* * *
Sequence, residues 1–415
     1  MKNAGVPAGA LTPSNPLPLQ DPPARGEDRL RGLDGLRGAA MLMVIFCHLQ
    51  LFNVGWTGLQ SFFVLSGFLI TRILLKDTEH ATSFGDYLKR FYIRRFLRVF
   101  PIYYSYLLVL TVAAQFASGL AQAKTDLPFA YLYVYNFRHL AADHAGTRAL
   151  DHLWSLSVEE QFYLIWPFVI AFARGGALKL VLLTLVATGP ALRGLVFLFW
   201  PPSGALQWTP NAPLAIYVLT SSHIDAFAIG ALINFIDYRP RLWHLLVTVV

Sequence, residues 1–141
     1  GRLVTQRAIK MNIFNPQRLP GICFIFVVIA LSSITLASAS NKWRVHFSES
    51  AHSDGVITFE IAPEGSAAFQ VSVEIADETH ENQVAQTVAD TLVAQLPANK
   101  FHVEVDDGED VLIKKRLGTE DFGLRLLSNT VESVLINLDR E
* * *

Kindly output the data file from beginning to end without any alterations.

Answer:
Sequence, residues 1–415
     1  MKNAGVPAGA LTPSNPLPLQ DPPARGEDRL RGLDGLRGAA MLMVIFCHLQ
    51  LFNVGWTGLQ SFFVLSGFLI TRILLKDTEH ATSFGDYLKR FYIRRFLRVF
   101  PIYYSYLLVL TVAAQFASGL AQAKTDLPFA YLYVYNFRHL AADHAGTRAL
   151  DHLWSLSVEE QFYLIWPFVI AFARGGALKL VLLTLVATGP ALRGLVFLFW
   201  PPSGALQWTP NAPLAIYVLT SSHIDAFAIG ALINFIDYRP RLWHLLVTVV

Sequence, residues 1–141
     1  GRLVTQRAIK MNIFNPQRLP GICFIFVVIA LSSITLASAS NKWRVHFSES
    51  AHSDGVITFE IAPEGSAAFQ VSVEIADETH ENQVAQTVAD TLVAQLPANK
   101  FHVEVDDGED VLIKKRLGTE DFGLRLLSNT VESVLINLDR E